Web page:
State broadcaster KBS and state-run oil company Korean National Oil Corp. are pointing fingers over the name change of a comedy skit on “Gag Concert” over fears it could cause political tension.
The dispute began as KBS said on Sunday that its comedy show “Gag Concert” changed the name of popular sub-segment skit “Mansour” to “Uhksour,” following a request from the Korean National Oil Corp.
The comedy skit centers on the massive wealth of oil tycoons from the oil-producing countries of the Middle East.
Comedians perform in skit comedy "Mansour" in KBS's comedy show "Gag Concert." (KBS)
KBS said the KNOC requested that the skit’s name be changed, as the audience may associate the name with His Highness Sheikh Mansour Bin Zayed Al Nahyan of the UAE.
As a member of the ruling family of Abu Dhabi, the sheikh is the deputy prime minister and minister of presidential affairs of the UAE, as well as the half-brother of the current president of the UAE, Khalifa bin Zayed Al Nahyan.
However, KNOC dismissed KBS’ allegation as totally groundless.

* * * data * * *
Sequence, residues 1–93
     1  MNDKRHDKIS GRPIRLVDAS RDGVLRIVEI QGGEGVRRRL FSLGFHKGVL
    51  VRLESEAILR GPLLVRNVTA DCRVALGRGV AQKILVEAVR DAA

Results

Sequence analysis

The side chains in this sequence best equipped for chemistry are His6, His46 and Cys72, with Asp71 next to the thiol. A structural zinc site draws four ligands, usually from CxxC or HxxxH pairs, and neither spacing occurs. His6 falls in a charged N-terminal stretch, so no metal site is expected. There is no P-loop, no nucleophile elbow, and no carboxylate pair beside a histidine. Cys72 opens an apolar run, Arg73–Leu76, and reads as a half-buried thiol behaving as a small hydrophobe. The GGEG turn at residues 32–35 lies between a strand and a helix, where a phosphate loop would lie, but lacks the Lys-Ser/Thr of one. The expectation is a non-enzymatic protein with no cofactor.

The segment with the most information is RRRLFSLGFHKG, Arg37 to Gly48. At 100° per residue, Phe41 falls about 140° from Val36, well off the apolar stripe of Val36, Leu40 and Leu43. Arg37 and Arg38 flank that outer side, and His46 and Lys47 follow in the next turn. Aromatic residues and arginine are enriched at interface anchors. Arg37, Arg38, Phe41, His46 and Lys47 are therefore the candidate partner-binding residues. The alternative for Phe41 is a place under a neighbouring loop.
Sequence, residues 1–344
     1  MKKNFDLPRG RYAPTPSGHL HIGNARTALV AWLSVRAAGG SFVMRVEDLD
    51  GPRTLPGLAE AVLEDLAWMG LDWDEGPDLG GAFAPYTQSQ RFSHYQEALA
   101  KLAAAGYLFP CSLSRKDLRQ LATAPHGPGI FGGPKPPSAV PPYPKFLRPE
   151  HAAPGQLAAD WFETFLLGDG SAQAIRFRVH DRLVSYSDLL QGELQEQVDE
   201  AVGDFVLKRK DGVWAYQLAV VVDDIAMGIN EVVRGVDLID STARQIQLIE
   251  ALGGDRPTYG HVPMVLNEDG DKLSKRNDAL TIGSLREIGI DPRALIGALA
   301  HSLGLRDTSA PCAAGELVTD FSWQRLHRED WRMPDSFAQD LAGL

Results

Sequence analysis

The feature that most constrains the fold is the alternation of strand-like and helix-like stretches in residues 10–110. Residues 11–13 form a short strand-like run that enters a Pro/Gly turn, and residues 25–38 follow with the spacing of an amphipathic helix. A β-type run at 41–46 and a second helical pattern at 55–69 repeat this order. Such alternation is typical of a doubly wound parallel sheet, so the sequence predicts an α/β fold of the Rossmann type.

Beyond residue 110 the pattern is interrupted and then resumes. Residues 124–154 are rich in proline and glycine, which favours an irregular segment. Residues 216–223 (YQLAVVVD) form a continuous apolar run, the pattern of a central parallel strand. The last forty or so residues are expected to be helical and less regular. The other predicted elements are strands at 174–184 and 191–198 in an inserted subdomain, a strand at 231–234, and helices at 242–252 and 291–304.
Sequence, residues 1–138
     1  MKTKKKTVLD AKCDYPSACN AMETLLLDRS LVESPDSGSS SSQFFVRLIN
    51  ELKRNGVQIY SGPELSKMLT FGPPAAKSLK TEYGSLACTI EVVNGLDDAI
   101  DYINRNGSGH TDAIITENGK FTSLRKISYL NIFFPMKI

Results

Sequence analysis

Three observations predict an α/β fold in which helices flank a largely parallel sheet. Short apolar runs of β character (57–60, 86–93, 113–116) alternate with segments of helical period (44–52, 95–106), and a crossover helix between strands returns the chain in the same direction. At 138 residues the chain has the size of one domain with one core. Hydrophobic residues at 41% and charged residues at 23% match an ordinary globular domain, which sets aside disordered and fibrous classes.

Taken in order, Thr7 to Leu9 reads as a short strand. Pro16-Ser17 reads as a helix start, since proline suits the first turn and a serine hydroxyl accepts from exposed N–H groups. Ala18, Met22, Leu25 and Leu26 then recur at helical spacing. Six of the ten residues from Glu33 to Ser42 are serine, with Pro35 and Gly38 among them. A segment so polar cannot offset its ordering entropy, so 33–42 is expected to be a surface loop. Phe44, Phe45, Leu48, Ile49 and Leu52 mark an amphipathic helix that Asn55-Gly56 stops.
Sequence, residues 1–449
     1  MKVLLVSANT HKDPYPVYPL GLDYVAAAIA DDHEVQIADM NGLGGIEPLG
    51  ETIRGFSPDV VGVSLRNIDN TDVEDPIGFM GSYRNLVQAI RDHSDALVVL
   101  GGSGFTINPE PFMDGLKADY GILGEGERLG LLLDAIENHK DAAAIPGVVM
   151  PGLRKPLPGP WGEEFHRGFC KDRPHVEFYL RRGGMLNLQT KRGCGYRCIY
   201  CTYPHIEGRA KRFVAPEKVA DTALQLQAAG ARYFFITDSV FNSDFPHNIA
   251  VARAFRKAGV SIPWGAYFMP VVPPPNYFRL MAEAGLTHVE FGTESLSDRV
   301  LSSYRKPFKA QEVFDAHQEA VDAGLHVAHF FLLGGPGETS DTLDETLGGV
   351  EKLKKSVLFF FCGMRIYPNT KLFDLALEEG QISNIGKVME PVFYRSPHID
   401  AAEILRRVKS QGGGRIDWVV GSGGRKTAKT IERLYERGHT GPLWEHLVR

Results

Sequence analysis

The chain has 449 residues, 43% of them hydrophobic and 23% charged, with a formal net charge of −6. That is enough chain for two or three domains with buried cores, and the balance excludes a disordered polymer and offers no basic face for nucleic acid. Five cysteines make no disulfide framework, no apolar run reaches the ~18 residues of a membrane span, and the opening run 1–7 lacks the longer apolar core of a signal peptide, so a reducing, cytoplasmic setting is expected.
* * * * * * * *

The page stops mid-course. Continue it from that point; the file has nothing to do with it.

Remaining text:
“We have never visited KBS (for that matter) and was surprised at the news articles. There was no such a thing. We have never made such a request,” a spokesperson of KNOC told The Korea Herald.
The spokesperson also said it is uncertain whether Gag Concert’s use of the name “Mansour” could deteriorate Korea’s diplomatic ties with the UAE, citing the case was unprecedented.
Despite KNOC’s denial, KBS insisted that it was the state oil company that pushed for the replacement of the skit’s title.
A spokesperson for the KBS entertainment team told reporters through a text message, “According to our producers, it is true that the Korean National Oil Corp. paid a visit. While the ‘Mansour’ skit corner had not received any complaints on such occasion, the state company seems to have been preemptively anxious.”
The spokesperson also wrote, “The skit corner’s name itself was not that big of a deal for us, so (we did not mind changing it to) ‘Uhksour,’ which is associated with ‘extremely hilarious’ in the Gyeongsang provincial dialect.”
By Chung Joo-won (email@example.com)